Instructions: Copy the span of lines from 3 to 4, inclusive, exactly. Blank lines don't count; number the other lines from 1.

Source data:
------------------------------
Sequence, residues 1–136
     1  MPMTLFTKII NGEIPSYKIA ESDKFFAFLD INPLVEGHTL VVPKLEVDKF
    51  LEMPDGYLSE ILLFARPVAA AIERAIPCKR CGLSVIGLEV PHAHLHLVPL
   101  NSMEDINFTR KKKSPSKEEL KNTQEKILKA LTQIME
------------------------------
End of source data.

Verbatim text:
    51  LEMPDGYLSE ILLFARPVAA AIERAIPCKR CGLSVIGLEV PHAHLHLVPL
   101  NSMEDINFTR KKKSPSKEEL KNTQEKILKA LTQIME